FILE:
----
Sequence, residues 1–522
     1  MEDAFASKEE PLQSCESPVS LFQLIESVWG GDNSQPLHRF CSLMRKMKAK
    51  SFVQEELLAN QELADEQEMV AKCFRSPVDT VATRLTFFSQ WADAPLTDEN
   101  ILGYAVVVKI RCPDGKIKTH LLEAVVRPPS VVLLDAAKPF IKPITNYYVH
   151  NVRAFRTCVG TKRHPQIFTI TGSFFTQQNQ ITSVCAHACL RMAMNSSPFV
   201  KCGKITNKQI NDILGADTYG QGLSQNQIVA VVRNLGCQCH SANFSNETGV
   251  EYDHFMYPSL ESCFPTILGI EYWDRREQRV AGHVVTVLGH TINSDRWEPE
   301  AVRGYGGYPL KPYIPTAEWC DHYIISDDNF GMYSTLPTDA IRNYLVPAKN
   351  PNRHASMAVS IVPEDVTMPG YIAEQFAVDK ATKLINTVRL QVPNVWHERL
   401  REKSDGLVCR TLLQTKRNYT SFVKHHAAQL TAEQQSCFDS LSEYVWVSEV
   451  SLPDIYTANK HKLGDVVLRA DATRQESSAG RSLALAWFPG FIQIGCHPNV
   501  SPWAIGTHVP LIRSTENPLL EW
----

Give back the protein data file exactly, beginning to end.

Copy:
Sequence, residues 1–522
     1  MEDAFASKEE PLQSCESPVS LFQLIESVWG GDNSQPLHRF CSLMRKMKAK
    51  SFVQEELLAN QELADEQEMV AKCFRSPVDT VATRLTFFSQ WADAPLTDEN
   101  ILGYAVVVKI RCPDGKIKTH LLEAVVRPPS VVLLDAAKPF IKPITNYYVH
   151  NVRAFRTCVG TKRHPQIFTI TGSFFTQQNQ ITSVCAHACL RMAMNSSPFV
   201  KCGKITNKQI NDILGADTYG QGLSQNQIVA VVRNLGCQCH SANFSNETGV
   251  EYDHFMYPSL ESCFPTILGI EYWDRREQRV AGHVVTVLGH TINSDRWEPE
   301  AVRGYGGYPL KPYIPTAEWC DHYIISDDNF GMYSTLPTDA IRNYLVPAKN
   351  PNRHASMAVS IVPEDVTMPG YIAEQFAVDK ATKLINTVRL QVPNVWHERL
   401  REKSDGLVCR TLLQTKRNYT SFVKHHAAQL TAEQQSCFDS LSEYVWVSEV
   451  SLPDIYTANK HKLGDVVLRA DATRQESSAG RSLALAWFPG FIQIGCHPNV
   501  SPWAIGTHVP LIRSTENPLL EW